I also believe that free market is taking us to a greener future, with ever increasing comfort and energy to ever decreasing environmental cost. This is the way it's going.
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          Nov 15 2011: Hi Gerald; an optimist? Actually that is a correct assumption, thank you.

          I see you belong to the camp that believes science can solve any problem. You will be largely right, science has produced miracles and it will produce more in reply to the critical problems of the biosphere but not if it is driven PURELY by the profit motive. The profit motive is not directly interested in the biosphere, or human comfort, or a greener future. Each participating player in the free market is driven to make profit, as much as possible, within a maximum window of around thirty or forty years, which is the earning period approximately, for one human being. Or do you know of many people who are concerned with leaving behind opportunities to make profit for their children, grandchildren, greatgrandchildren, and those that come after that?

          Remember we are not talking about those individuals who MAY be concerned about the environment and also are driven by the profit motive. We are talking about the profit motive itself. The basis underlying premis of the free market is profit motive, which by its very nature, is about short term gain and does not, if it is left unregulated, lead to sustainable development.
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        Nov 15 2011: frans, take a loot at our conversation:

        me: the only concern is climate change.
        you: I don't think you're well informed. [...] The glaciers in the Alps are shrinking at a rate [...]

        see? you simply don't read what i write. how do you think will this lead to a constructive debate? we need to spend hours and days to finally agree on what i'm actually saying, and we didn't even get to the point of debating it. all we need is a little more focus, a little more attention in order to get somewhere. are you not willing to put that effort in?
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          Nov 15 2011: I think it would be more courteous to reply to Frans point, which I understand perfectly rather than to dismiss it on stylistic grounds Kriztian. He could point out, (but clearly he is too polite) your annoying and disrespectful habit of confining yourself to lower case in your posts. Are you willing to put the effort in too?
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          Nov 16 2011: Yes Krisztian, I saw after I posted my comment that climate was your only concern in the reply.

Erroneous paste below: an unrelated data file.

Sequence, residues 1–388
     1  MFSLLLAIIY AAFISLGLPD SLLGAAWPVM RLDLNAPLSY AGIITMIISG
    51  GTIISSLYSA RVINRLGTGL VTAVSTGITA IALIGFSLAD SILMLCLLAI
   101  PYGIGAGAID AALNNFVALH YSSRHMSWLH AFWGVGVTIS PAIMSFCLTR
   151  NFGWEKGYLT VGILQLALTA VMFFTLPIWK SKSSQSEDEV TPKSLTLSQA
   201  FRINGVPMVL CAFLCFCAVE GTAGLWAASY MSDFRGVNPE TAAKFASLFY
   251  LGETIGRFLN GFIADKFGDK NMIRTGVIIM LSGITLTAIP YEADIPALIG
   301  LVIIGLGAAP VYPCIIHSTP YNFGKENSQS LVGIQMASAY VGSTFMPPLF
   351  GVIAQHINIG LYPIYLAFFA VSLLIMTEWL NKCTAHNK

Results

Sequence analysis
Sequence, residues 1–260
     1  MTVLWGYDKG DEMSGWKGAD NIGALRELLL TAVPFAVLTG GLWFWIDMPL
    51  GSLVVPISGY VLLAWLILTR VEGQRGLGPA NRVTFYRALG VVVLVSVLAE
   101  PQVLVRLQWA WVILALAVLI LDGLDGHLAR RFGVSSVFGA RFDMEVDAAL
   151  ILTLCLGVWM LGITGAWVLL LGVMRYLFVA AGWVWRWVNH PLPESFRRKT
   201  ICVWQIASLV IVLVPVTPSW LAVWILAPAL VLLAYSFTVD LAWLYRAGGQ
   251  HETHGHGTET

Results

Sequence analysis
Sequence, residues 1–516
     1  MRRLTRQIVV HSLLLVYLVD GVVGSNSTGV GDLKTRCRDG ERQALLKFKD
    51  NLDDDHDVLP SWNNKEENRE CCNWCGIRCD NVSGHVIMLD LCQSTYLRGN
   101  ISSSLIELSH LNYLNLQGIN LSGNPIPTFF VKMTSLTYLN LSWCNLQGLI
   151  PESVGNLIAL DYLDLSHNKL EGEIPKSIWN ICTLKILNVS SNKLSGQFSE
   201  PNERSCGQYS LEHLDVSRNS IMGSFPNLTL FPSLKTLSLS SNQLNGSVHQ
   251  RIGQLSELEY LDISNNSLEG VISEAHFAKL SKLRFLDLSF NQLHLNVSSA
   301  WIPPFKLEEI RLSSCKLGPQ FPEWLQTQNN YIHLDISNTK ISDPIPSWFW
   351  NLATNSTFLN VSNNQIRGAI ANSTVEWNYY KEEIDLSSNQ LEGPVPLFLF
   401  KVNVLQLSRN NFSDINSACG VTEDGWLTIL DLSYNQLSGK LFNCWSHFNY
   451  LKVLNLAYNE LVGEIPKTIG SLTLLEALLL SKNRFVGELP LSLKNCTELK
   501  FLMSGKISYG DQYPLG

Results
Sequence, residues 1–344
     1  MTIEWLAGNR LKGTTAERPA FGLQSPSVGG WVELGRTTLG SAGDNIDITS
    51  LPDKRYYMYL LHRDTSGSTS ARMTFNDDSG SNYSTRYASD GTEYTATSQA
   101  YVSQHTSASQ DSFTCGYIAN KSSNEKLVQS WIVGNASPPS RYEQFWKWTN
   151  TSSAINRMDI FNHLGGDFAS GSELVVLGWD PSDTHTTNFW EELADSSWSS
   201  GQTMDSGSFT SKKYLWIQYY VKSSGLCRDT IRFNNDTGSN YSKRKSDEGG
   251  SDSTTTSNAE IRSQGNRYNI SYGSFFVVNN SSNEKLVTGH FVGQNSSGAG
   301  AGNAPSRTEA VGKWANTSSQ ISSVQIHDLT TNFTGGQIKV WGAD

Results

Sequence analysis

Nevertheless I didn't delete it so you had an argument to be right about.
          On all other assumptions you are wrong.
          Wood is no concern, you said, fossil fuels, minerals, no problem.

          If you have eyes and you look from a satellite down on earth you can see the trail by which human civilization spreads around the earth. It is all desert or somewhere on the way to become one.

          Civilization wipes nature from the earth. Stored energy that plants collected from the sun for almost 100 million years we burn in a century, maybe two, and all synthetic products we can make out of fossil plant material ends after we burned it all. With what would you replace wood then after all forests are chopped or burned? Like giant moles human ignorance shuffles through the fertile crust of the earth to erode the very base of our existence.

          Maybe it is unavoidable and do we have to face the consequences but don’t say it will all be well.
          The sad thing is that there are alternatives and it could all be different as intelligence stepped in to replace the current system based on the instinct of greed and is fed by fear.
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        Nov 15 2011: well joanne, one of us certainly wearing blinkers, but it is not that easy to establish who.

        again, these peak-anythings do not make any sense. the peak stone was thousands of years ago. peak wood some dozen? a hundred? we use the cheapest resources available. if they run out, or in fact before they run out, as they get more expensive, we shift to another technology. do you genuinely think that mankind can't survive without copper? or we can't find other copper sources that are more expensive to mine, but also greater in amount? do you genuinely think that "regular" gas will not be replaced by shale gas and methane clathrate? do you think that fossils will not be replaced by 4th generation nuclear and ultimately fusion? do you think that we can not extract phosphate from the ocean in any amount we need? don't you know that the total farm area did not increase in the last 50 years, but output has been tripled? don't you know that the GDP per capita, life expectancy, child survival, health, quality of life are all increasing, despite the population increase? don't you know that the population is leveling out already, and soon will stabilize?

        and be mindful of what i have said. don't mix the running out resources with climate and environment. i separated the two, and i said resource exhaustion is not a problem. climate change and pollution IS a problem, and i said just that. and i also said that governments can't do anything about it. governments miserably fail at regulating industry. we need technological progress, and we need it ASAP! at this moment, states all around the world hindering or even downright preventing us from progress.